Laguna Beach officials telling motorists to keep quiet as they cruise the coast
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LAGUNA BEACH — When more than 75 motorcyclists recently stormed through town – some riding on the wrong side of Coast Highway and doing wheelies – City Councilwoman Toni Iseman said enough.
Loud motors on cars and motorcycles have been a problem in town for years, jarring residents from their tranquility, setting off car alarms and rattling store windows along Coast Highway in this laid-back beach town, officials said.
Now, Iseman and others want to find a way to stop the roar that echoes from the highway to the canyon as weekend road warriors cruise Coast Highway.
“I would like every entrance in town to have a permanent sign that says we enforce our noise ordinance,” Iseman said recently at a council meeting. “I would love to have people complain about ‘it’s too quiet in Laguna.’”
Councilman Rob Zur Schmiede agreed, saying it wasn’t just motorcyclists, but drivers with “high-end, souped-up cars that are ear-splittingly loud.”
On May 12, the Laguna Beach Police Department initiated its first enforcement crackdown on loud motors after announcing the campaign on its popular social media, posting “Loud exhaust is a no go in Laguna Beach! Throughout the next week officers will be conducting a special enforcement detail to crack down on loud-exhaust vehicles. Loud exhaust = BIG ticket.”
At each of the town’s three entrance points – along Laguna Canyon Road and on the north and south ends of Coast Highway – electronic message boards have warned motorists since April 19 that they are entering a quiet zone and vehicles with loud motors will face citations.
On May 12, police stopped 45 motorcycles for excessive noise and issued 26 citations. Twenty-four cars were stopped, with 21 receiving citations. A combination of fix-it tickets and citations with fines were issued.
Efforts to crackdown will continue, officials said.
Officers focused vehicles with modified exhausts and those revving their engines to make extra noise, said Lt. Joe Torres, who oversees the effort. No specific types of vehicle were targeted, he said.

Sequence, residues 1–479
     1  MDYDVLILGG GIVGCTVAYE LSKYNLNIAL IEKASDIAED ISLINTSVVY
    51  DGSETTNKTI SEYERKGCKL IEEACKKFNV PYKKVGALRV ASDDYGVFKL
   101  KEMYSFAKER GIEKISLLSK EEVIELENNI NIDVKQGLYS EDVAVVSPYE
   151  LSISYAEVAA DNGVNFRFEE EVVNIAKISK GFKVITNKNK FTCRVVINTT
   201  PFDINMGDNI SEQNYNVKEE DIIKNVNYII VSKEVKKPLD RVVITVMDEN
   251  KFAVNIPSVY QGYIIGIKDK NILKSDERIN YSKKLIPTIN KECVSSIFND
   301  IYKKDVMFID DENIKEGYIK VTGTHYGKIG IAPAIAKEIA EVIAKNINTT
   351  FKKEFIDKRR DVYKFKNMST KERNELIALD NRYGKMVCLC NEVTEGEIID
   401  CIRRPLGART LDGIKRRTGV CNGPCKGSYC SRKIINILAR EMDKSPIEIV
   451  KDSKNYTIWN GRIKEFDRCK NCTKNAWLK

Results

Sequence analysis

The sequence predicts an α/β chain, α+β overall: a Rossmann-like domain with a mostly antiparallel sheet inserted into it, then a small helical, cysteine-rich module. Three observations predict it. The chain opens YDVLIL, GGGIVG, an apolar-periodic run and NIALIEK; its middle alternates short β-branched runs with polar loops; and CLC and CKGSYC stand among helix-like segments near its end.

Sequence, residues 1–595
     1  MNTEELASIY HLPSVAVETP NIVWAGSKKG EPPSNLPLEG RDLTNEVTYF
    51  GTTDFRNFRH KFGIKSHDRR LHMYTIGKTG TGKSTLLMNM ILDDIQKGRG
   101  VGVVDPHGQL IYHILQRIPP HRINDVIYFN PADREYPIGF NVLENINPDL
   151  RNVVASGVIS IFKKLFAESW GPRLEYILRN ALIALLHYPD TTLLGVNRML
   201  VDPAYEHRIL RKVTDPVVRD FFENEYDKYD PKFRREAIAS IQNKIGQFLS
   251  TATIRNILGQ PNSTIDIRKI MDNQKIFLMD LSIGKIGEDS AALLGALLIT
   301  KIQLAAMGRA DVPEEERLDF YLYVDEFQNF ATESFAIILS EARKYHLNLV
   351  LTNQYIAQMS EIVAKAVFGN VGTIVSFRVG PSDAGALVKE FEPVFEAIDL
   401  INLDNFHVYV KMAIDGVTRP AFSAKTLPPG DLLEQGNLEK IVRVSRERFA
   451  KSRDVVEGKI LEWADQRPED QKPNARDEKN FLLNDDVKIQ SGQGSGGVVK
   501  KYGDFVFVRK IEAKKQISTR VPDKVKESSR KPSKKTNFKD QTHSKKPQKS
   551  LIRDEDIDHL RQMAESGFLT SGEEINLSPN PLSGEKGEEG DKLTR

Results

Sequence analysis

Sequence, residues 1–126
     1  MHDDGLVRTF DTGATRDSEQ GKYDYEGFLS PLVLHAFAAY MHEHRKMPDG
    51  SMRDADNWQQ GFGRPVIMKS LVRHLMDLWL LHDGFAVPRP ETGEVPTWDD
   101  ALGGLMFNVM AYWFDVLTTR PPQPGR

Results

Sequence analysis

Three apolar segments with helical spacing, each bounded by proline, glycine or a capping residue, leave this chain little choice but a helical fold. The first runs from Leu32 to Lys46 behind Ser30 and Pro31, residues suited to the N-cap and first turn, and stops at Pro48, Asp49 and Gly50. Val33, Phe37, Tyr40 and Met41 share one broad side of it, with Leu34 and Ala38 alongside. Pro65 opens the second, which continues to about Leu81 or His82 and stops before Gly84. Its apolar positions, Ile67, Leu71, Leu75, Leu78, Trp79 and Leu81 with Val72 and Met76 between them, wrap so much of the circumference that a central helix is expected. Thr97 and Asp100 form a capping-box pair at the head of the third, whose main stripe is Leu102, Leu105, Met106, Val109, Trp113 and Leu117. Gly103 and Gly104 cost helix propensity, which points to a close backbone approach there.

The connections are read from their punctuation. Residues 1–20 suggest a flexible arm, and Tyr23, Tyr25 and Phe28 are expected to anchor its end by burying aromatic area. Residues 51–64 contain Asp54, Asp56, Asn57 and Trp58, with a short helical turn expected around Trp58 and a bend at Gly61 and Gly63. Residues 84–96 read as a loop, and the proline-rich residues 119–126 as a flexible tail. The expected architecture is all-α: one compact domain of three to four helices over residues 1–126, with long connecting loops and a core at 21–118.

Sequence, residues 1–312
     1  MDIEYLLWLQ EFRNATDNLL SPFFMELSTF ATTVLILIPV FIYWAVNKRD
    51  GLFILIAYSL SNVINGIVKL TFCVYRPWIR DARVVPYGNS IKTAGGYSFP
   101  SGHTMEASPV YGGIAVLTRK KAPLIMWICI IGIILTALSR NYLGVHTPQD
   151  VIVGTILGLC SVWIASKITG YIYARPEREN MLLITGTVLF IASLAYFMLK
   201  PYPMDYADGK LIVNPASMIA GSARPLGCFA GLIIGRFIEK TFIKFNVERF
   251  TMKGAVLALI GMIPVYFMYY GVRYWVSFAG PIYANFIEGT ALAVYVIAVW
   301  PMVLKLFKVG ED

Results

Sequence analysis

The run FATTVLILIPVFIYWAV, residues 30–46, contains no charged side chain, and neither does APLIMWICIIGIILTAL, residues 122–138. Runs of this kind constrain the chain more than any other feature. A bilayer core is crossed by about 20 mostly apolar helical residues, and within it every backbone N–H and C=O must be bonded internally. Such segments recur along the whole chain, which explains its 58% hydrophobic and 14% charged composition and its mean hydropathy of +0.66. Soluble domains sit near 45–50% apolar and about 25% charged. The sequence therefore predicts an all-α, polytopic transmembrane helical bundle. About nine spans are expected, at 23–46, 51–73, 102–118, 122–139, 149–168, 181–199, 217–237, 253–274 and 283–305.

“We hope to encourage those who drive through Laguna Beach to be respectful of the community and to not intentionally create excessive noise by revving their engines,” he said.
But, Laguna Beach is not alone with this problem. Coast Highway or Pacific Coast Highway – as it is known through most other coastal Orange County towns – is a scenic and enticing spot to cruise, especially on weekends.
San Clemente City Manager James Makshanoff said while it’s not come to the attention of the City Council, Orange County Sheriff’s Deputies who patrol the town give tickets for violations. In Dana Point, since January, 21 citations have been handed out, officials said.
“We have not had the increased number of complaints about them recently as Laguna Niguel or Laguna Beach,” Dana Point City Manager Mark Denny said, “but it is my understanding that all of our law enforcement agencies are talking about ways to work together to reduce the number of those types of violations.”
Newport Beach, like Laguna Beach, gets its share of large riding groups. “If there are violations, we’ll take enforcement action,” said Sgt. Justin Morouse of the Newport Beach Police Department.
Huntington Beach Police Department also initiated a directed enforcement earlier this year after residents near Golden West and Pacific Coast Highway complained of excessive noise. The city started with electronic signs. A handful of motorcyclists and drivers were cited, Lt. Kent Ferrin said.
In Seal Beach, Sgt. Michael Henderson said loud motor noise has become a bigger issue in the last two years. The city runs an electronic sign campaign and police officers have done directed enforcement along Pacific Coast Highway and Seal Beach Boulevard following resident complaints.
Back in Laguna Beach, Iseman reflects on the recent effort.
“It’s not as easy as you think to catch these people,” she said.
She rode with an officer for two hours on Saturday. As the pair came upon a mob of 10 Lamborghini’s near Urth Caffe, she said the noise was loud.
“It looked like a circus line of elephants – trunk-to-tail, all lined up,” she said.
Though all the cars were loud, the police officer was only able to cite one driver – the others took off. To make a case in court, the officer had to document the noise with a decibel-machine reading.
“I’m hopeful this enforcement will go beyond Laguna Beach,” Iseman said, “to those motorists and cyclists who think of coming here and know there could be a ticket waiting here for them.”